• amdactivist

        BS Ken. Unions are the root of the problem.

        • Prudent

          I don’t believe the unions are the root of the problem, but they are powerless to make change in what the state mandates concerning pay and benefits. With private enterprise the unions have more power to negotiate for worker’s rights and benefits. With the state, the employee is at the mercy of the state coffers. If as with Maryland, if the state is experiencing budgetary shortfalls the state employee pays the toll. While the state employee may have decent benefits, the cost of the benefits has increased dramatically over the past several years. The health premiums have gone up and coinsurance deductibles have been added for some policies. The result of such increases is a reduction in salary. Add that benefit cost increase to the 5 years of no raises and furloughs and state employee has seen their income shrink.
          Other states are now considering abolishing laws that require state employees to pay the collective bargaining to the unions and Maryland should follow that example.

          • Nicholas Zahn

            The union has no real power in state government. They can’t force legislators or governors to spend more money.

    • Dave

      Maybe they could at least cut the fee in half when we do not receive a COLA increase or a step increase.

  • MD observer

    AFGE’s current agreement with the state provides “within-grade increases” which are automatic pay raises for the overwhelming majority of the state workforce. Len’s article covers a second kind of pay raise, “across the board” increase.

    Regardless, the localized employment market for bureaucrats pits salaries and benefits for state workers against their Federal counterparts, but the Feds pay is better which should be a concern for the state’s human capital managers.

    • Nicholas Zahn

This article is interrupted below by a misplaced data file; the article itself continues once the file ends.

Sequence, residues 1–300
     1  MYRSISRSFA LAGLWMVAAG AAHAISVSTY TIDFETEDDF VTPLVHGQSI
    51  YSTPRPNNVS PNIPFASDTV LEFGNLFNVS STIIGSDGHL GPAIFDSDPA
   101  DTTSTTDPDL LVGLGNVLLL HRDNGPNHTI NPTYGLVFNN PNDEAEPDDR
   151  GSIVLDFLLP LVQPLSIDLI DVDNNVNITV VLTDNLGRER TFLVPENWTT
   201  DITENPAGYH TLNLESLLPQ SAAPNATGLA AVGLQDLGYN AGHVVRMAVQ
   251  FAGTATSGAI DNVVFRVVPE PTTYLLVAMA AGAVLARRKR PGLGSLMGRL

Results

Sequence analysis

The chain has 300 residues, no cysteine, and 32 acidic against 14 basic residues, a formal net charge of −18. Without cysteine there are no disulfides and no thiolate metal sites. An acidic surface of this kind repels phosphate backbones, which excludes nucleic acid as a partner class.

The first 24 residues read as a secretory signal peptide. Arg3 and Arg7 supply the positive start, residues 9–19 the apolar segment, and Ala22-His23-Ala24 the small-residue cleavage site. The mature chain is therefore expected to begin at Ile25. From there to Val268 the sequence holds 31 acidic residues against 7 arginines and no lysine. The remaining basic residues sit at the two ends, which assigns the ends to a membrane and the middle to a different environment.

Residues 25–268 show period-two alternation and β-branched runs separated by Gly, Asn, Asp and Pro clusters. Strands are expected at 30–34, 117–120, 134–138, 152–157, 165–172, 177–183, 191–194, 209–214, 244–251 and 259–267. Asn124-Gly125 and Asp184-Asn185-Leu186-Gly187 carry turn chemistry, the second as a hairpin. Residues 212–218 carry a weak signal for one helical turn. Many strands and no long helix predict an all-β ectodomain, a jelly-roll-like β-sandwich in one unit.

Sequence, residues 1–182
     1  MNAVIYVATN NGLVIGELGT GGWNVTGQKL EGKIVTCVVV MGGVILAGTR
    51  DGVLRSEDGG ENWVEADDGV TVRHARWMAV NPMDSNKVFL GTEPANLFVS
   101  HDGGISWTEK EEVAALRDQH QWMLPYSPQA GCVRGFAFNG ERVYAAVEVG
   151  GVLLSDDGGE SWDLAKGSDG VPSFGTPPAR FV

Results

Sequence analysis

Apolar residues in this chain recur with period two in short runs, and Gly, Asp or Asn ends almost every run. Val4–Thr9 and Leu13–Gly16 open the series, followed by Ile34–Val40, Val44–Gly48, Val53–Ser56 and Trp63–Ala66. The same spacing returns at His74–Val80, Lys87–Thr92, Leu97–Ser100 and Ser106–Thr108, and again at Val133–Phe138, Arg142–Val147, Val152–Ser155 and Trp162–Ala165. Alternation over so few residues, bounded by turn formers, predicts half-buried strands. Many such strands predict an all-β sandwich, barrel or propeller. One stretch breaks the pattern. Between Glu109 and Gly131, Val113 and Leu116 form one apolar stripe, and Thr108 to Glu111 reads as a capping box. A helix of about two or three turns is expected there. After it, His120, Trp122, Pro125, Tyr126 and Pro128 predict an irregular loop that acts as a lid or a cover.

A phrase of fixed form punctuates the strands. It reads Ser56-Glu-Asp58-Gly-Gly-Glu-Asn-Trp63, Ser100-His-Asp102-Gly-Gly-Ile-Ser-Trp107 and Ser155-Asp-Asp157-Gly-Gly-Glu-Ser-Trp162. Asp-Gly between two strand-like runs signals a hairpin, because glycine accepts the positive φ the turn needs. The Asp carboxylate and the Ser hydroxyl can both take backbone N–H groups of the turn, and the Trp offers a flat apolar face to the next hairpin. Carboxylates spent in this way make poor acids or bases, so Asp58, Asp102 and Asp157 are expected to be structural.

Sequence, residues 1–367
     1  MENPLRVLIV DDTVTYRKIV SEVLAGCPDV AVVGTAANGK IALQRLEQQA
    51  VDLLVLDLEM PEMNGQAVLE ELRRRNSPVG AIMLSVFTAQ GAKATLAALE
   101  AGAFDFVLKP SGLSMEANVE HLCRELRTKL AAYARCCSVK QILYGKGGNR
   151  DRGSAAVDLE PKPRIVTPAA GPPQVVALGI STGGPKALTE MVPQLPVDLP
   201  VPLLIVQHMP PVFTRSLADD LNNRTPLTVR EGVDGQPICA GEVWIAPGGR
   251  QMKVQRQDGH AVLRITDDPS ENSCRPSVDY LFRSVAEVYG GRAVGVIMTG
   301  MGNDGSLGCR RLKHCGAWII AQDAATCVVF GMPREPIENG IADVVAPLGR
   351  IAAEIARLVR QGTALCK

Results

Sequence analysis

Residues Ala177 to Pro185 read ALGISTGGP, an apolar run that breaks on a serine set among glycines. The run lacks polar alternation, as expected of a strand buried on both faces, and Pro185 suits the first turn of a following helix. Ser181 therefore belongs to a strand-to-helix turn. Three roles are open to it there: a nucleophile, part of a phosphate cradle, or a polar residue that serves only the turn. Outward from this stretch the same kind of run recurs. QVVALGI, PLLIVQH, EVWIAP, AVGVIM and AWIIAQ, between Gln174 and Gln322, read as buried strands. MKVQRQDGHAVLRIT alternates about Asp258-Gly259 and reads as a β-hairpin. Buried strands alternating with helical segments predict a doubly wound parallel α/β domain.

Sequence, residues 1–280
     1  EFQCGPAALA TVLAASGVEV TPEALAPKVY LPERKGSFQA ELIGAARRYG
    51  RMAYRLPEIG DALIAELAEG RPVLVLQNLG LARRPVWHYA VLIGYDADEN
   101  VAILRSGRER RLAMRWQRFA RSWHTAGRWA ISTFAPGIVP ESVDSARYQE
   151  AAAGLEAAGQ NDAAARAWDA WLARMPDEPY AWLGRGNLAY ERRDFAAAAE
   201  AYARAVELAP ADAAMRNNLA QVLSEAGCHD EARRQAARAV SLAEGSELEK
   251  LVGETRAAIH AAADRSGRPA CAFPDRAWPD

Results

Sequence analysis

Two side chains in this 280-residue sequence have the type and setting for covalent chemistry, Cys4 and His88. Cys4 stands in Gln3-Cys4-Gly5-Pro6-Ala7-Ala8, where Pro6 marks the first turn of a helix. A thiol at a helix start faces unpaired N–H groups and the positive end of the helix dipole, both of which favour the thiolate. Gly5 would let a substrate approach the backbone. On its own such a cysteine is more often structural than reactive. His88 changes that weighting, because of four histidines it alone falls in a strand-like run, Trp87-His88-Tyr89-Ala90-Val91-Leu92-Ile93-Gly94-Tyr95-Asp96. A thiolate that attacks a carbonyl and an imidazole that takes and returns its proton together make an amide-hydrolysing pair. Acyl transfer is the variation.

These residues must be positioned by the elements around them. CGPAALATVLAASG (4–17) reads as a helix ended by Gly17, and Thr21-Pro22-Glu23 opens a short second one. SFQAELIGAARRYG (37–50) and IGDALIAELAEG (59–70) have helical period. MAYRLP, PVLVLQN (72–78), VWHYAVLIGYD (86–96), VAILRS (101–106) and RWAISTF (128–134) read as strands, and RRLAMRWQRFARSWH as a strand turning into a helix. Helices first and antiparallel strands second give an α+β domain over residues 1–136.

1. Step-increases (“within grade increases”) require good performance reviews and are meant to keep state employees on track with private sector work of the same kind that provides regular promotions, bonuses, profit sharing, 401K benefits, etc…

      2. 2% COLA (Cost-of-Living-Adjustment or “Across the Board”) are meant to keep wages on track with inflation. I don’t see the State in recession anymore so goods/services are getting more expensive everyday while my wage is the same as when I got my job 4 years ago.

  • Goldsborough

    It’s easy to pay lip service to placate our state employees once the decision has been made to cancel their raises. If Hogan really wants to show solidarity, he should cancel his and the lieutenant governor’s own 10% raise. In fact, he should cancel the raise that our delegates and senators are scheduled to get. I’ll go a step further: Hogan can serve as governor without a salary.

    • Dale McNamee

      Why not have the Senators & Delegates serve without salaries as well since they only work 90 days a year ?

    • amdactivist

      How do you know he’s getting a raise ? Ask him.

      • marylandman

        Please inform yourself, moron. Both Hogan and Rutherford received 10% raises this year. If you’re going to vote, please stay informed. Your ignorance is bad for our electoral system.

  • Dale McNamee

    I find it sadly amusing that State employees are upset over not getting a raise, while non-State employees (i.e, private sector) who haven’t gotten raises,took pay cuts,lost work hours,etc. are paying taxes to fund those raises…

    Why don’t every Delegate & Senator donate part of their pay to give them a raise ?
    Same would go for all department heads…

    The average taxpayer can’t afford giving raises to people who earn more than they do !

    • Les

      Dale over the last 10 years State employees have lost pay due to furloughs and wages decrease over service reduction days. Just like private sector health cost has increased as well. I am just hoping that General Assembly will work with Governor Hogan to attract more business to Maryland in hopes that increase revenue will stabilize general fund revenue. However my worst fear is that General Assembly will not work with Governor Hogan and do the same thing to him as they did to former Governor Erhlich and just over ride his veto on everything.

      • Dale McNamee

        I agree, Les !

        The so-called ” media” in this state should report on all of the shenanigans of the General Assembly and report on the votes taken… I could care less about the latest shooting,sports,etc. The local news resembles “Inside Edition” and “Access Hollywood” in news content.